Battery-electric bus census increased more than a third last year
Battery-electric buses still account for a small portion of the U.S. fleet, but their numbers grew by 37 percent last year. New orders, particularly from transit agencies, are being signed faster than manufacturers can build the buses, reported CALSTART, a non-profit organization.
“Despite becoming much more popular among transit agencies, ZEBs (zero-emission buses) are still advanced technology and they can take months, if not years, for bus manufacturers to build and deliver,” said the organization’s 2019 report, Zeroing in on ZEBs.
The report lists 2,255 ZEBs operating in the U.S., up from 1,650 in the previous year. The total includes 2,184 battery-electric buses and 71 powered by hydrogen fuel cells.
More than 200 transit agencies deploy the vehicles or have them on order. More than 65,000 buses are operated by transit systems across the country.
“A nearly 37-percent jump over such a short time is remarkable, considering the life-cycle of transit buses as well as the adjustments agencies make when upgrading to new, more advanced technologies,” said John Boesel, president and chief executive officer of CALSTART, in announcing the report.
The organization, based in Pasadena, California, cites the Federal Trade Administration’s Low or No-Emission Vehicle Program (Lo-No) and the California Hybrid and Zero-Emission Truck and Bus Voucher Incentive Project (HVIP) among incentives for the growing purchases. Many states also are devoting funds from the 2016 settlement of the Volkswagen scandal involving manipulation of emissions testing of diesel automobiles.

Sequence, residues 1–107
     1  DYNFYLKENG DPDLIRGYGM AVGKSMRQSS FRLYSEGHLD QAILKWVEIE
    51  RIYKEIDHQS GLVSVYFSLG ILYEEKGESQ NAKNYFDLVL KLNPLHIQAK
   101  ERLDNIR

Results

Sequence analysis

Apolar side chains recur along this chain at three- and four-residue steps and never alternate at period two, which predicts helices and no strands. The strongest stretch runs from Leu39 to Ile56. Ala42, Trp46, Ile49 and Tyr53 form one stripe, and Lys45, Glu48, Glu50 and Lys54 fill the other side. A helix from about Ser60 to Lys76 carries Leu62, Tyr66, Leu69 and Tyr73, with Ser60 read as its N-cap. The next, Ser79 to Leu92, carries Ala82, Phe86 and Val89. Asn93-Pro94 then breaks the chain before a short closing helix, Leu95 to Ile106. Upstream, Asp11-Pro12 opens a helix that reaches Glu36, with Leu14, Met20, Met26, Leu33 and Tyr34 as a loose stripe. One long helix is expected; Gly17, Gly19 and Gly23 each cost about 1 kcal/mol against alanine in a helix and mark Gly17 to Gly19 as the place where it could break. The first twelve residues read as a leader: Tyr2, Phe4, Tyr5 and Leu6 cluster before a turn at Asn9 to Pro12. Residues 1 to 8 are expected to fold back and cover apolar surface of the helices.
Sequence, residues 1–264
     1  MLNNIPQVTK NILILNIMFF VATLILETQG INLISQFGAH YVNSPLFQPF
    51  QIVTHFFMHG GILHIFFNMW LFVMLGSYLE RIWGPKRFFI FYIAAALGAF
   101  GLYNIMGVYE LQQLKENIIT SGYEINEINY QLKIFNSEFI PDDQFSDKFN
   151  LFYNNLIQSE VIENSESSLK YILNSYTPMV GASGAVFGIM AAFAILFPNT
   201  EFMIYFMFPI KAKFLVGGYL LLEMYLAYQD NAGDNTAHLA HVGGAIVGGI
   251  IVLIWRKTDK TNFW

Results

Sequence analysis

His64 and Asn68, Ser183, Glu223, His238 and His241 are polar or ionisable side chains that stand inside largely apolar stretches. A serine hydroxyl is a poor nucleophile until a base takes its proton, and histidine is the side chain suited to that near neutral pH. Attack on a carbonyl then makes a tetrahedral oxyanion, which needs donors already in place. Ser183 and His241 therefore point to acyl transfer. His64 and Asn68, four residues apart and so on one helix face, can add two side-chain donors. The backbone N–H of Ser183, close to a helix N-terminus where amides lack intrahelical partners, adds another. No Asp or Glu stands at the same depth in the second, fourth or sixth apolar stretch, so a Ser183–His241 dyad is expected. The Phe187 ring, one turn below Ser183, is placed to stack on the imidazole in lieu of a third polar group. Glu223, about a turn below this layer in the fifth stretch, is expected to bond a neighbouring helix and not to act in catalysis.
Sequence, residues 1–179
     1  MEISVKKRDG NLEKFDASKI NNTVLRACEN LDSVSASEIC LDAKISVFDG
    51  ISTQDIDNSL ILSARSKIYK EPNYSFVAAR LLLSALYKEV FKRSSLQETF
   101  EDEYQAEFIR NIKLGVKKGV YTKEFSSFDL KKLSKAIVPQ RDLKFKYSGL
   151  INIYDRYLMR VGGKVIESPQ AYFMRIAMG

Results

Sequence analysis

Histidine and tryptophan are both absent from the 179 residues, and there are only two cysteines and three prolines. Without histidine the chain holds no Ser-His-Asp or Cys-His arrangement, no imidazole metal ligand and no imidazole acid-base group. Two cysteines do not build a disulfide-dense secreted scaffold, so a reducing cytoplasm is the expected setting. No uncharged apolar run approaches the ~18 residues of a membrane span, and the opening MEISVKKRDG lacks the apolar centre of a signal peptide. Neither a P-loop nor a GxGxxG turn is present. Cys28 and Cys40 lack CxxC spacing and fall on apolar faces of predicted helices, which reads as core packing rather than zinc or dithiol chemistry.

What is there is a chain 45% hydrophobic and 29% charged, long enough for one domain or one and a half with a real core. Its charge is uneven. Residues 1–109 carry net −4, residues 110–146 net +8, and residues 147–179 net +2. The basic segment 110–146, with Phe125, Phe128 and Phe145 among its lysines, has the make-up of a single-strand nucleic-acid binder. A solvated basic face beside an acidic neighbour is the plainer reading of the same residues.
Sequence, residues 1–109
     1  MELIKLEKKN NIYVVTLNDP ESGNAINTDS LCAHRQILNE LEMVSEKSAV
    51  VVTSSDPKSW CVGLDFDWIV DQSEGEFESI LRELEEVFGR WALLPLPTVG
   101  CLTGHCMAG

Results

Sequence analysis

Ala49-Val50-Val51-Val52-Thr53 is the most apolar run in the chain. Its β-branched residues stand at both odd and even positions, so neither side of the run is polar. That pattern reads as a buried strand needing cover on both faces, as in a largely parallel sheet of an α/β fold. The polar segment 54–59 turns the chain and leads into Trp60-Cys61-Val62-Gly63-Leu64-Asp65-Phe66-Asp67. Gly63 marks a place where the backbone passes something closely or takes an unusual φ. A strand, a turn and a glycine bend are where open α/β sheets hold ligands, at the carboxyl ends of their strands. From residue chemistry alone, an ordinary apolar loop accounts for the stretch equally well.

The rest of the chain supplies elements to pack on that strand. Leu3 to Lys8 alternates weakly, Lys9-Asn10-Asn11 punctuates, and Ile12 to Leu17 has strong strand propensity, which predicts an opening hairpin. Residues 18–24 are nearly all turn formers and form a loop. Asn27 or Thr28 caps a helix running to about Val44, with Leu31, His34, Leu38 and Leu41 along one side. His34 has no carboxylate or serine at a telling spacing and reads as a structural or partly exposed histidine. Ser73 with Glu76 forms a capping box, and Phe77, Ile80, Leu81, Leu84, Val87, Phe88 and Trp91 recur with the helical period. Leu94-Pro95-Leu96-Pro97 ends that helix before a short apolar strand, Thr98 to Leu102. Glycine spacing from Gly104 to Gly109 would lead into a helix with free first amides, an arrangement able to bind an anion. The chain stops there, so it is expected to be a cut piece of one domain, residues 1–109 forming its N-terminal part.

“Between 2013 and 2019, the Federal Transit Administration has distributed over $356 million for hybrids, battery-electric and hydrogen-fuel-cell buses via the Low or No-Emission Bus Program,” the report said. Low-No grants totaling $84.9 million were made to agencies in 38 states in 2019.
The California Air Resources Board (CARB) has allocated more than $589 million in HVIP grants since 2009. In October, CARB announced the availability of $142 million in new HVIP grants. A week later the state announced that it would accept no further applications because the program already was “oversubscribed.”
By the numbers
The Bloomberg New Energy Finance (BNEF) research service reported that electric vehicles accounted for less than 20 percent of the global fleet in 2019, but that share will rise to nearly 70 percent by 2040.
Prices of lithium-ion batteries fell 85 percent from 2010 to 2018, from $1,160 per kilowatt/hour to $176. In the future, “We calculate a learning rate of around 18 percent. This means that for every doubling of cumulative volume, we observe an 18-percent reduction in price. We expect the price of an average battery pack to be around $94/kilowatt/hour by 2024 and $62/kilowatt/ hour by 2030,” according to the BNEF Battery Price Survey.
About 99 percent of the world’s electric buses—420,000 of 425,000—are operating in China, BNEF reported. China, which mandates electric bus usage, is expected to field about 600,000 by 2025.
“Over 2 million electric vehicles were sold in 2018, up from just a few thousand in 2010, and there is no sign of slowing down. We expect annual passenger EV sales to rise to 10 million in 2025, 28 million in 2030 and 56 million by 2040,” reported the BNEF Electric Vehicle Outlook 2019.
“Despite the rapid growth in sales, there are over a billion vehicles on the road and EVs are less than 0.5% of the global vehicle fleet. Changing this over will take time. The total passenger vehicle fleet continues to rise to 1.68 billion vehicles in 2040, driven mostly by demand in emerging economies. By 2040 we expect 500 million passenger EVs on the road and over 40 million commercial EVs.”
Leading states for ZEBs
- California 1,106
- Washington 211
- Florida 142
- Colorado 73
- Illinois 73
- North Carolina 54
- Texas 38
- Pennsylvania 37
- Ohio 36
- Nevada 30
- Maryland 30
- Hawaii 30